Periodic Reporting for period 1 - CHRYSOWEB (The effect of mixotrophic chrysophytes on secondary productivity in pelagic food webs)
Reporting period: 2016-02-01 to 2018-01-31
The aim of CHRYSOWEB was to specifically address the consequences of the increasing share of golden algae for consumers in lake food webs. To this end, we applied an integrative approach (laboratory experiments, field observations, biochemical analyses) to get a comprehensive understanding of this key group on aquatic ecosystem functioning.
By using an array of chrysophyte species as food, we found multiple effects on zooplankton, which were generally negative compared to a high-quality reference food. The mechanisms include feeding inhibition, nutritional deficiency and toxicity. The results of CHRYSOWEB imply that the dominance of chrysophytes is able to significantly alter zooplankton secondary production and community composition, and therefore energy flow in aquatic food webs.
The nutritional quality of chrysophytes was found to be intermediate to detrimental for zooplankton. The responses of different higher taxa of zooplankton to chrysophyte diet varied considerably. Water fleas (cladocerans) were especially sensitive to blooms of large colonial algae, which reduced their food uptake by physical interference, while copepods were more successful in handling them. On the other hand, copepods seem to be more sensitive to food quality, being unable to reach adult stage on any golden algae we provided as food. Based on short-term toxicity tests, however, only a few chrysophyte species proved to be toxic, implying that negative effects generally lie in their low nutritional value, which was furthermore supported by their biochemical composition.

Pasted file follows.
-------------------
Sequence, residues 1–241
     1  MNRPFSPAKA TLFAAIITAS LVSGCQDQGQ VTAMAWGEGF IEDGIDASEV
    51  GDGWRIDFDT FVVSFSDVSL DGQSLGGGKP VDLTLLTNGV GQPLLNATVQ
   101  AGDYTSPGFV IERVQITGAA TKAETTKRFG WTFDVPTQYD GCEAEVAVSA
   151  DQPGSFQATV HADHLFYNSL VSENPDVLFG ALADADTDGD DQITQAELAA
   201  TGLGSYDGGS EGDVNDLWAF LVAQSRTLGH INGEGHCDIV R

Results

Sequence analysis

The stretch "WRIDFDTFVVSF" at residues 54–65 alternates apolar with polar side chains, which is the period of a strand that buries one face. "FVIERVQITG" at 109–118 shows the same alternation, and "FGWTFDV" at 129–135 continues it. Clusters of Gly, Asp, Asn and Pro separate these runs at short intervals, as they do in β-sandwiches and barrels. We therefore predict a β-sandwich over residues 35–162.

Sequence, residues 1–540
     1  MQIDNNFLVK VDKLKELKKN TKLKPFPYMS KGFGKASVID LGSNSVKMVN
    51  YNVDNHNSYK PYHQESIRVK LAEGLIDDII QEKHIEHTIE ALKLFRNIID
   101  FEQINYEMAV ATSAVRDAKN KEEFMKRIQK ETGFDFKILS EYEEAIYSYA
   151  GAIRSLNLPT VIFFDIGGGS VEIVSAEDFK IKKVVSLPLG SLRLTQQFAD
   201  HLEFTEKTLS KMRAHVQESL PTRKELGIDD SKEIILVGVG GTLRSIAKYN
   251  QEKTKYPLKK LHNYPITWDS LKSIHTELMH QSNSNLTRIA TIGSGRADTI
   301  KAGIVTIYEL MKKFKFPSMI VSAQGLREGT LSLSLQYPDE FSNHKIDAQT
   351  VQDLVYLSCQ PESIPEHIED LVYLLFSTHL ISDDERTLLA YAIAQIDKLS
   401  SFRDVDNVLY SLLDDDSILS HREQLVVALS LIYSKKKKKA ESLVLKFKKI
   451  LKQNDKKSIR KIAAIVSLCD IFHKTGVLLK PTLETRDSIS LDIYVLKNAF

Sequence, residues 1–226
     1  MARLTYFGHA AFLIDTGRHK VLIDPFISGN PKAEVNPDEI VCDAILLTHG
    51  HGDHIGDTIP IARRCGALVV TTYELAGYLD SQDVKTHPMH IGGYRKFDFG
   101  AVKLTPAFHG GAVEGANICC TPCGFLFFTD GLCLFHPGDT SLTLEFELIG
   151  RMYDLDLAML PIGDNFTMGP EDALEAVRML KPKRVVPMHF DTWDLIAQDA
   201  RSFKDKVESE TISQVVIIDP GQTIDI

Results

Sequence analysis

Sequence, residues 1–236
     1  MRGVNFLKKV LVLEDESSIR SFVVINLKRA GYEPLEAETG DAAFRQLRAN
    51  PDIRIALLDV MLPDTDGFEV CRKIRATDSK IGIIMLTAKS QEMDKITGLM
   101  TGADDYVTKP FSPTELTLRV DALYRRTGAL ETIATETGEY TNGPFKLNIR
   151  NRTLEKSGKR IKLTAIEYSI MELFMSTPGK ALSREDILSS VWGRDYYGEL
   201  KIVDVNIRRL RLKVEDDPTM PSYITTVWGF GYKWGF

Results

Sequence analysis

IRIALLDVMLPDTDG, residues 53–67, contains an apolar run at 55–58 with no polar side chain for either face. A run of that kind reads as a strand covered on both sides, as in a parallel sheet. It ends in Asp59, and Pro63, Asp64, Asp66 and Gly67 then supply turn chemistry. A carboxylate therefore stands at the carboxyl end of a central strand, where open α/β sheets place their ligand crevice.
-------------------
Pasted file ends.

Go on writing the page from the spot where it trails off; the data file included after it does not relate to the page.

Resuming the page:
The results of CHRYSOWEB were communicated to the wide scientific community at international conferences, including the ASLO Aquatic Sciences Meeting, which is the largest meeting of researchers in aquatic sciences. Press releases were published to inform the broader public about the project, including an article in ‘Der Standard’, which is one of the largest daily newspapers in Austria. The results were also disseminated to Austrian and international university students with different backgrounds in forms of seminars and lectures. The results provide a basis for at least three separate papers, which will be submitted to leading journals in limnology and ecology (publications expected in 2018/2019). Besides, the results of CHRYSOWEB will provide a basis for a master thesis (Claudia Schneider, University of Vienna).
The project provided an excellent training to Dr Vad, with several opportunities to improve his skills both conceptually and methodologically. He was well-integrated in a highly international research team, allowing him to expand his scientific network. He showed great capacity to work independently, performing the task and project management largely on its own. Furthermore, he was a co-supervisor of a master student and a number of trainees, which greatly improved his leadership skills. CHRYSOWEB has undoubtedly contributed to the development of his scientific independence.
The topic of CRYSOWEB is timely and novel and therefore, the results have a great potential for higher education. They were already used at university lectures and seminars, and will be used in the future as well.